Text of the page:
GBP/USD breaks key support as soaring UK debt worry investors

GBP/USD breaks key support as soaring UK debt worry investors
  • The GBP/USD pair declined after Andrew Bailey ruled out moving to negative interest rates.
  • The British pound also fell after OBR warned that US borrowing will soar to more than 300 billion pounds.
  • Investors are also concerned about the ongoing Brexit negotiations.

The GBP/USD pair declined by 25 basis points as the market reacted to news from Andrew Bailey and the OBR.

GBP/USD falls
GBP/USD falls on Andrew Bailey comments and budget concerns

BOE rules out negative interest rates

The GBP/USD pair reacted to a statement on negative interest rates issued by Andrew Bailey who was addressing a web conference organised by the Financial Times. In his comments, the governor said that the bank was not considering negative interest rates as a policy response to the current state of the economy. He said:

“It is not something that we are currently planning for or contemplating. It’s always wise, and particularly in these circumstances, not to rule anything out forever.”

Negative interest rates have been a key topic of discussion this week after Donald Trump asked the Fed to implement them. In his tweet, he said that the negative rates would be a “gift” to Americans. Most analysts believe that this is wrong because it would punish savers and banks.

In his statement, Bailey said that negative interest rates would present unique communication challenges for the bank.

As all other banks, the BOE has reacted swiftly to cushion the UK economy from the impacts of the pandemic. It has lowered interest rates to a record low, provided additional liquidity in the market, and implemented a £200 billion quantitative easing. He pledged to do more if the situation worsened.

UK government borrowing soars

The GBP/USD also reacted to new figures by the Office for Budget Responsibility (OBR). The office said that the government borrowing is set to borrow more than £300 billion this year. This is equivalent to 15 per cent of the total GDP and is significantly higher than the amount it borrowed in the past financial crisis. The statement also said that public borrowing would jump by more than 95 per cent this year.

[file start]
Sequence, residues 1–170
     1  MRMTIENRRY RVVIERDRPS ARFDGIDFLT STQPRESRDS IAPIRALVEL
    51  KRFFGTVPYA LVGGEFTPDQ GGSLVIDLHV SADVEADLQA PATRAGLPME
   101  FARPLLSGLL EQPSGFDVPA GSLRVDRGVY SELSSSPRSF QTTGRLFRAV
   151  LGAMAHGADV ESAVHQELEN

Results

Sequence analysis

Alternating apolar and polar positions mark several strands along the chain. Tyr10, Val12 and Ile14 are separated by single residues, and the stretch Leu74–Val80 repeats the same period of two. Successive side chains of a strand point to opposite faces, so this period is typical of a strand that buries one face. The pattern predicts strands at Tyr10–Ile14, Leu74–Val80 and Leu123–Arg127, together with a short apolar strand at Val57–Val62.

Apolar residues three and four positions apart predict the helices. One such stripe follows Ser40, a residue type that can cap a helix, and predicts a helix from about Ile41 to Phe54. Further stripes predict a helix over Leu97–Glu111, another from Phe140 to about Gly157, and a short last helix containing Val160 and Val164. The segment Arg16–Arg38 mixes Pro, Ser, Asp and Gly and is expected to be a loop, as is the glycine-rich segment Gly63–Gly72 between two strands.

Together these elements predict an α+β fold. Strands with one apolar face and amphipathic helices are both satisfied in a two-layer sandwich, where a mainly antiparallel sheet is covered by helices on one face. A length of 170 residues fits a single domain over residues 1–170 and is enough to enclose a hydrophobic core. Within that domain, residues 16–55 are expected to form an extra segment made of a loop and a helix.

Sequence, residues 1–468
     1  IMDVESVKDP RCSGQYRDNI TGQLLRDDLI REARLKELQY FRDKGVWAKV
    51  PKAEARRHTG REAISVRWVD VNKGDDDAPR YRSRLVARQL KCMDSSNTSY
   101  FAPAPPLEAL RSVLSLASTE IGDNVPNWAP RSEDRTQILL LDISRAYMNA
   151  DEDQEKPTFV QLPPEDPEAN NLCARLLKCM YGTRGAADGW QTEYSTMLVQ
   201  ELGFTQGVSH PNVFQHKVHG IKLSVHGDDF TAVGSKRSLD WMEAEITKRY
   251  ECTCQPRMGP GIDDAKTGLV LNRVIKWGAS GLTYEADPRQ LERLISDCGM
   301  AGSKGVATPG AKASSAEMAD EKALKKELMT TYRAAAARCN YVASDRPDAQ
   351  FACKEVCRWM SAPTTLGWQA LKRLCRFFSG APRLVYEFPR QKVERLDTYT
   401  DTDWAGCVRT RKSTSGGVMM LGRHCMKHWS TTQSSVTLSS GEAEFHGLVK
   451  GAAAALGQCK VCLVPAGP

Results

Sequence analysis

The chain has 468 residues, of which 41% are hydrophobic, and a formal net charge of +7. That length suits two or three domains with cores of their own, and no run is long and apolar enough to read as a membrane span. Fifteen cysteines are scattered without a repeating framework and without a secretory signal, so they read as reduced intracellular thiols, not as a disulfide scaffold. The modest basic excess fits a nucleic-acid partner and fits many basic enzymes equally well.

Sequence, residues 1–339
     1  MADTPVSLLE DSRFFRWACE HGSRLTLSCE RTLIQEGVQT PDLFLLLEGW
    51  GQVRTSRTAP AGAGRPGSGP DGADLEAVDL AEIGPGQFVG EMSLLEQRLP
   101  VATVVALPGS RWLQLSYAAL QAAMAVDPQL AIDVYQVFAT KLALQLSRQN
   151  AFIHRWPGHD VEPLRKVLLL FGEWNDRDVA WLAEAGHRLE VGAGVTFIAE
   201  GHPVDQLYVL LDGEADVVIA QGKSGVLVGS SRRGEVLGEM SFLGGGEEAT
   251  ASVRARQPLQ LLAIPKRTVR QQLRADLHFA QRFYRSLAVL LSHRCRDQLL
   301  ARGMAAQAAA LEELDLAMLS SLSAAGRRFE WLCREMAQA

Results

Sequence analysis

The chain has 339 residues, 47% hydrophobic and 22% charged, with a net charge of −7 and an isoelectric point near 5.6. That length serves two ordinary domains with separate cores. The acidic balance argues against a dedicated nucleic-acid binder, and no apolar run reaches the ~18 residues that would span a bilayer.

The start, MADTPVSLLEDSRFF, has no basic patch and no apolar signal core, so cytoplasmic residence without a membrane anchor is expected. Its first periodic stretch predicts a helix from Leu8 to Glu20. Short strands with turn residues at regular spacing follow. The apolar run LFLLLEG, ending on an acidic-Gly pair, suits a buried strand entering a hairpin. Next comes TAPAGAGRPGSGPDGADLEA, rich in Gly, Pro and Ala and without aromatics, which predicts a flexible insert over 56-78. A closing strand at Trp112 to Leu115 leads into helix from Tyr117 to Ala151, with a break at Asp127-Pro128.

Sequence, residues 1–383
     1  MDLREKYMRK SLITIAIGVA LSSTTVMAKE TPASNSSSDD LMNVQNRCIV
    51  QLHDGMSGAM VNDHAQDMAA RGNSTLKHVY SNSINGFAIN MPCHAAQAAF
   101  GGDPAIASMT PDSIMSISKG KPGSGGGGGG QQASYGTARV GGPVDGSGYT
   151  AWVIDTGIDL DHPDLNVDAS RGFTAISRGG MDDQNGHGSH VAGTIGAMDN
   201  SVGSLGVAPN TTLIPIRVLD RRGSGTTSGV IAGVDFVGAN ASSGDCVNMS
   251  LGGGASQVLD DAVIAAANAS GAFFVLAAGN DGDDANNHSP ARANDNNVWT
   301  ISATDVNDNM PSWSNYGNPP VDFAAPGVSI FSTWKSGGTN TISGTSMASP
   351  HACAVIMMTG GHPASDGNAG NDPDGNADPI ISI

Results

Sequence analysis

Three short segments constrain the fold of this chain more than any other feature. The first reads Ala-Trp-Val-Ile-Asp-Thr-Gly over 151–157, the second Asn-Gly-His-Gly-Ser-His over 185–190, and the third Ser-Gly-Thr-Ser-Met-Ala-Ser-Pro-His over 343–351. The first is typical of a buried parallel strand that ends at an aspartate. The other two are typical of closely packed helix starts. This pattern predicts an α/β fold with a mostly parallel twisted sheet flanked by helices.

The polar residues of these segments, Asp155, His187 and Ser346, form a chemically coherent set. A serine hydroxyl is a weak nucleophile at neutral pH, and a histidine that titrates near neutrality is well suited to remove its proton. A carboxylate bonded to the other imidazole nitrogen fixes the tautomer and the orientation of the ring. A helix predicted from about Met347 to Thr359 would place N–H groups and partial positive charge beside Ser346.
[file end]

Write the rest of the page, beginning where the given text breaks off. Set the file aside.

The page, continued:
The rise in borrowing is mostly because the government is now paying 80 per cent of wages of about 7.5 million workers. At the same time, the government’s revenue through taxes has cratered because business activity has almost halted.

Recent data has shown how dire the situation is. Recent data from the ONS showed that the economy shrank by 2.0 per cent in the first quarter, the worst decline since 2008. Another data showed that the important services PMI fell to the lowest level on record. Other important numbers like retail sales, housing, and inflation have been disappointing.

At the same time, the ongoing negotiations on Brexit seem to be going nowhere. According to media reports, the two sides have not made any meaningful progress in the first two sessions. And time is running out since the UK has until June 30 to request for an extension.

Worse, the number of coronavirus is still surging. Data from Worldometer shows that the active cases and death are still surging. Indeed, the UK has the second number of deaths after the United States.

Therefore, while the government is spending a lot of money, there are signs that it will need to do more. According to the Institute of Fiscal Studies, the government can do more since the response so far has been about 6 per cent of GDP, which is lower than the G-7 average of over 9 per cent.

GBP/USD technical forecast

GBP/USD technical outlook

The GBP/USD pair is trading at 1.2200, which is lower than this week’s high of 1.2400. The price is below the 38.2 per cent Fibonacci retracement on the daily chart. It is also below the 100-day and 50-day EMA. Also, it has moved below the important support shown in pink, which means that bears are strongly in control. Therefore, I expect it to retest the important support at 1.2100.

By Crispus Nyaga
Crispus Nyaga is a finance analyst and trader with more than 7 years industry experience. He's contributed to some of the leading financial brands in the world including Seeking Alpha, MarketWatch, Forbes, and Crispus has an excellent understanding of global macroeconomic and geopolitical issues, is a big fan of golf, and lives in Nairobi with his wife, son, and nephew.
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